6. IP

    IP Advanced Pruitt Apologetics Bot

    I really don't see why she has to become a figurehead of her orientation. Straight coaches don't get sidetracked with such foolishness.

    It is very simple. If you don't at least accept a homosexual person's right to live their life the way they see fit, you are a bigot. No need for spokespersons in the 21st century on this issue.
     
  7. Tenacious D

    Tenacious D The law is of supreme importance, or no importance

    If all of this is true, then why were so many advocating for homosexuals to be able to openly serve in the military and to be wed? To reduce their profile?

    And are you saying that her sexuality is not germane to her service as head coach?

    And why are we, as a society, willing to allow this possible advancement of gay rights to go unnoticed?

    Much like President Obama's career being little more than the largest feather in the cap of affirmative action - why can't we celebrate these accomplishments for what they are?

    Here's a couple of thoughts:
    I think that they don't ask because there would be a strong sentiment against her, if not an outright revolt, if it were confirmed true.

    I think that she will not offer it for fear of this occurring.

    Personally, I think neither would occur, but instead, that she would've thay much more embraced becaus of it.
     
  8. Tenacious D

    Tenacious D The law is of supreme importance, or no importance

    By the way...

    Jackie Robinson, Arthur Ashe, Billie Jean King and Condredge Holloway are all laughing their asses off at your staright-faced naivety.

    Does it make me a bigot to say that none of them "chose" to be figureheads of their race or gender?
     
  9. CardinalVol

    CardinalVol Uncultured, non-diverse mod

    I could care less. I seriously doubt she's seen many men naked though.

    Either way, I'm looking forward to her running the program in the ground and Lady Vol fans burning their sweaters, in this instance just so I can say I told you so.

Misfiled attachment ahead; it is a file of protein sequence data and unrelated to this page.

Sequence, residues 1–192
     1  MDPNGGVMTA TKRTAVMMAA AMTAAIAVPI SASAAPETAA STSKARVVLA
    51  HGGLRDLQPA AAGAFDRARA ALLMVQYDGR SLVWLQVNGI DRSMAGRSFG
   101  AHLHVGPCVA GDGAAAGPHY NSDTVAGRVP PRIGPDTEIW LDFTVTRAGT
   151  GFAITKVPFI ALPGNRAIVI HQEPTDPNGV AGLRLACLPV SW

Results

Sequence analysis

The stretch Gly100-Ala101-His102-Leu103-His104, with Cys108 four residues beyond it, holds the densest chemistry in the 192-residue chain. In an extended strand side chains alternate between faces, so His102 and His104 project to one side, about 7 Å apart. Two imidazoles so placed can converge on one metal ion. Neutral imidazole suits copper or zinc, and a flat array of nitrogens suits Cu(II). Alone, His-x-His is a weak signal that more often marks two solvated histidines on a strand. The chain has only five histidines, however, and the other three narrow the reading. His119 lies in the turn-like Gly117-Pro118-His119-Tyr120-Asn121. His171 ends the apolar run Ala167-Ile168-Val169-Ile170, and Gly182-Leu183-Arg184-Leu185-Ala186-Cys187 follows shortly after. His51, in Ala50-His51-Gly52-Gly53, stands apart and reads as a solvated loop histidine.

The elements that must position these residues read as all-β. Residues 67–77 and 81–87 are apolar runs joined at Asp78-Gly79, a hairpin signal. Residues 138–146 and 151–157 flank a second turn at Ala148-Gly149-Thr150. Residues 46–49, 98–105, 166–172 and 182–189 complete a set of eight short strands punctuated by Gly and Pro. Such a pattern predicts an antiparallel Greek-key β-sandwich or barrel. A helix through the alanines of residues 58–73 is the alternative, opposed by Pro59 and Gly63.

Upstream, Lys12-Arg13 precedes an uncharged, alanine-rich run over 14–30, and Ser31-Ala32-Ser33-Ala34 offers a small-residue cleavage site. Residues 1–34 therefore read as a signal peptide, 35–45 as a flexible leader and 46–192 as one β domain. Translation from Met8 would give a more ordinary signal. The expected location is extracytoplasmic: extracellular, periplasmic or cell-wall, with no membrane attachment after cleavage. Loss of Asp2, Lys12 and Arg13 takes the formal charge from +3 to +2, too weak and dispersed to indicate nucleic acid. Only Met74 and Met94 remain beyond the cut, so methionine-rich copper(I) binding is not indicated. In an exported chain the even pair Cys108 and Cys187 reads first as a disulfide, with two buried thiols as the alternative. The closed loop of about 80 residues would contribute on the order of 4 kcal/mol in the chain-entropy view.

10. LawVol13

    LawVol13 Chieftain

    Are we really comparing Jackie Robinson to Holly Warlick? Maybe I'm missing something, but I'm not seeing the connection.
     
  11. Tenacious D

    Tenacious D The law is of supreme importance, or no importance

    I'm sorry - are you saying that you don't see a direct connection between the struggle for equality that both blacks and homosexuals share?
     
  12. LawVol13

    LawVol13 Chieftain

    I sense some sarcasm, so maybe you agree with me. But, no, I certainly don't see the connection with Jackie Robinson and a lesbian coach in a primarily lesbian sport with multiple other lesbian coaches.
     
  13. Tenacious D

    Tenacious D The law is of supreme importance, or no importance

    No sarcasm.

    First, are those statements of fact, or opinion? Surely opinion, right?

    Personally, I wouldn't hasten a guess as to what percentage of women basketball players or coaches might be lesbian. I certainly don't know how you've determined that it not only exists, but is of such a sizable demographic as to make Warlick's acclimatization somehow "easier" (read: less arduous).

    Or - and I don't want to suppose your intent here, so I ask - do you somehow think that homosexuals have an "easier" road than blacks? Or, that their accomplishments toward equality are somehow less significant, perhaps?
     
  14. Volst53

    Volst53 Super Moderator

    I would guess it'd be easier to hide being a homosexual than being black.
     
  15. LawVol13

    LawVol13 Chieftain

    No, you're totally misreading me. I'm saying Holly Warlick is nothing like Jackie Robinson. Has nothing to do with a larger gay rights battle vs. battle of equal rights for blacks. And, if you'd like to believe that there aren't many lesbians in women's basketball, that's fine. I happen to disagree.
     
  16. kptvol

    kptvol Super Moderator

    Why would it be?
     
  17. kptvol

    kptvol Super Moderator

    Michael Jackson disagrees.
     
  18. Volst53

    Volst53 Super Moderator

    Well played, and I stand corrected.
     
  19. gorockytop101

    gorockytop101 New Member

    Because it isn't standard practice to inquire about a coach's sexual orientation based on marital status.

    If "Coach Dooley, can you state for the record whether or not you are actually straight?" doesn't sound like a particularly appropriate question to ask, I don't see why the same question should be asked to Coach Warlick.
     
  20. The public accepted the media's assaults on Petrino, Pitino, and Tiger in large part because they broke the contract of marriage.

    The Dixie Chicks are radials?